The diagnosis of pheochromocytoma can be accomplished via measurements of urine catecholamines. A 24 hour metanephrine and catecholamine collection is 90% sensitive for the diagnosis. It is thought that the greater the level of catecholamines in urine, the larger the tumor.

    Additionally, urine vanillymandelic acid, a metabolite of norepinephrine can be used and has similar sensitivity and specificity.

    Another methodology for diagnosis is a CT/MRI of the abdomen, which can assess presence or absence of a tumor, size of tumor, and identify location.

    It is important to note that in patients with suspicion of pheochromocytoma, intravenous contrast can actually cause a hypertensive crisis, so caution must be taken.

    Treatment

    Once the disease has been diagnosed, careful blood pressure control must be initiated. The treatment for pheochromocytoma is surgical. It is very important to note that giving a patient a beta blocker with pheochromocytoma can be FATAL.

    Returning to the pathophysiology, one will note that if given a beta blocker, there will be unopposed alpha agonist activity which can precipitate a fatal hypertensive crisis.

    Initial blood pressure control is achieved with phenoxybenzamine. Interestingly, patients on this medication have a high rate of orthostasis and it is suggested that they increase salt intake to upwards of 5,000 mg/day. Once blood pressure has improved, a beta blocker such as propranolol can be used. As discussed above, the definitive treatment is surgical.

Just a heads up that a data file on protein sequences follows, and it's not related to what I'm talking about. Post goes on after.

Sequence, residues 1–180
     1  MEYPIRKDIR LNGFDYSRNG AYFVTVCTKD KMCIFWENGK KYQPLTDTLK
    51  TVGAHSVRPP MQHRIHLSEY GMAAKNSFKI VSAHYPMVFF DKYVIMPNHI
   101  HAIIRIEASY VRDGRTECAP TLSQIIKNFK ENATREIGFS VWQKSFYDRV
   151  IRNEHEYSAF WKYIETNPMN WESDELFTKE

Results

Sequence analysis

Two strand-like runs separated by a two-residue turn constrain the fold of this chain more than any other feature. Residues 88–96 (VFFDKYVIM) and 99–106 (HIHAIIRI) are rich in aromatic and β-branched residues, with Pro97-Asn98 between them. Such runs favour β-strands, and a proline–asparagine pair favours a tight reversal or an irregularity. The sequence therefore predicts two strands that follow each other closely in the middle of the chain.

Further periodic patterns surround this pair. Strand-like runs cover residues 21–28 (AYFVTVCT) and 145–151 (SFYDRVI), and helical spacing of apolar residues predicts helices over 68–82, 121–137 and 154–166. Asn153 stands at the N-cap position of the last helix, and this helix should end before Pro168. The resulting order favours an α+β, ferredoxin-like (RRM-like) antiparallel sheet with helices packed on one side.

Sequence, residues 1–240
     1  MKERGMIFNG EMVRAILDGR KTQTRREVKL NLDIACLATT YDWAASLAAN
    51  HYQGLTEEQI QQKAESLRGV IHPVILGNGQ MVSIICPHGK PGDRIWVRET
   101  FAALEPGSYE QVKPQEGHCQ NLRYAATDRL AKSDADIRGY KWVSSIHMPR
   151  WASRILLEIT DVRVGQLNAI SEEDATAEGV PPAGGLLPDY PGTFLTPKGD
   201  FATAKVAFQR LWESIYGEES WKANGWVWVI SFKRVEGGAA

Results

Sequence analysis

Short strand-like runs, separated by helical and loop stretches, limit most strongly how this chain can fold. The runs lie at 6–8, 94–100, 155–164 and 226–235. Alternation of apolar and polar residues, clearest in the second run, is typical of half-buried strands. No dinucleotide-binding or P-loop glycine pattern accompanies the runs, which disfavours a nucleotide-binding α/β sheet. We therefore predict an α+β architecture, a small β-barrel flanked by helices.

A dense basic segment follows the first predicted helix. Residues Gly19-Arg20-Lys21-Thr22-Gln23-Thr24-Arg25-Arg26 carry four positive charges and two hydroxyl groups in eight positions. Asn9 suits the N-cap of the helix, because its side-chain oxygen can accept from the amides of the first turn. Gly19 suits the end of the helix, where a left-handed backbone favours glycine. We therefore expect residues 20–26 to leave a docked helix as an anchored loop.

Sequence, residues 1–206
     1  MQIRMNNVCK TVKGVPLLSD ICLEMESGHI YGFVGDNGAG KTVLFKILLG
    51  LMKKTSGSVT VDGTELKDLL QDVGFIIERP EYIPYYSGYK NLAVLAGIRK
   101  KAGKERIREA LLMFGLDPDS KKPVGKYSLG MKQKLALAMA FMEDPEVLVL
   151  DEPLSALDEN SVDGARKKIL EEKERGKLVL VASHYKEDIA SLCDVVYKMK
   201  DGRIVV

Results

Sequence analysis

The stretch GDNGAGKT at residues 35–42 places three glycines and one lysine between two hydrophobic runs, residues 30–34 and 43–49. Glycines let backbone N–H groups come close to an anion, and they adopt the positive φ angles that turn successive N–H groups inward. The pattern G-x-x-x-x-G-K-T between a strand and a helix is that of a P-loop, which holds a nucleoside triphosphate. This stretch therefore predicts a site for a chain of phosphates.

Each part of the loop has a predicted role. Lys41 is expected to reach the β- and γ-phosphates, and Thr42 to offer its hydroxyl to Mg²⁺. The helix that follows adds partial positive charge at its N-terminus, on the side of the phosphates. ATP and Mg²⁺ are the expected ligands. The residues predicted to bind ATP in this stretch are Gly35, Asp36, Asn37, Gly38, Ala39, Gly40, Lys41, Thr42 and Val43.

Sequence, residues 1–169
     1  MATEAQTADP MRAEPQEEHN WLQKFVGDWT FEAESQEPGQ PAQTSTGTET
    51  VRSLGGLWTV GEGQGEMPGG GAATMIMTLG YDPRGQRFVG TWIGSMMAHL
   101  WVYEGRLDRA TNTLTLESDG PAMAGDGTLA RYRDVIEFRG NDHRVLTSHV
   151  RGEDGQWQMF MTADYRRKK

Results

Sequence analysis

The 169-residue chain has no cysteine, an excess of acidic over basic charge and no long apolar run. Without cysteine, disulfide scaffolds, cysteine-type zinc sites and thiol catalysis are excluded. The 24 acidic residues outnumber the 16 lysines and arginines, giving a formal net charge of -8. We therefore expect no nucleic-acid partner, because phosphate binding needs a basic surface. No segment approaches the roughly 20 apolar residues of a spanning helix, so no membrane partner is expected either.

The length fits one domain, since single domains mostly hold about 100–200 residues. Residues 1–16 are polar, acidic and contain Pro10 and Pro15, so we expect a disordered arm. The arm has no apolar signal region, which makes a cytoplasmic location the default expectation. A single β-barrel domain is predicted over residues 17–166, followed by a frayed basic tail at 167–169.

Surgical intervention should be performed by an experienced surgical team, as morbidity and mortality can be high. Unfortunately, there can be up to a 15% recurrence rate post-surgery. Careful titration and monitoring of intraoperative blood pressure is paramount and may require use of nitroprusside, nicardipine, or other parenteral anti-hypertensive agents.

    Summary of Pheochromocytoma

    Although clinically rare, a pheochromocytoma has important clinical and educational pearls.

    The classic presentation may include a patient in their mid-forties with paroxysmal episodes of headache, diaphoresis, palpitations, and severely elevated hypertension.

    The urine metanephrines or 24 hour urine vanillymandelic acid is sensitive and specific for pheochromocytoma. Patients with suspected pheochromocytoma should avoid CT scan contrast, as this can produce a hypertensive emergency.

    Once blood pressure control is obtained first by alpha blockade and then beta blockade, the treatment of this condition is surgical.

    Resources

    Campara, M.C. and Porter, A.C. (2016). Pheochromocytoma. The Five Minute Clinical Consult.

    Papadakis, Maxine (2013).  Pheochromocytoma and Paraganglioma. Current Medical Diagnosis and Treatment. McGraw Hill.

    This article, blog, or podcast should not be used in any legal capacity whatsoever, including but not limited to establishing standard of care in a legal sense or as a basis of expert witness testimony.  No guarantee is given regarding the accuracy of any statements or opinions made on the podcast or blog.

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    Daniel Champigny, PA-C is a 2016 graduate of The Pennsylvania State University. Prior to attending PA school, Dan worked in pre-hospital medicine as an EMT. Currently, he's in primary care/family medicine in rural Pennsylvania and also works in urgent care. He is a certified impact consultant and is passionate about the management and treatment of concussions. Dan additionally has interests in preventive care, evidence based medicine, and teaching. In his spare time, Dan enjoys running and hiking.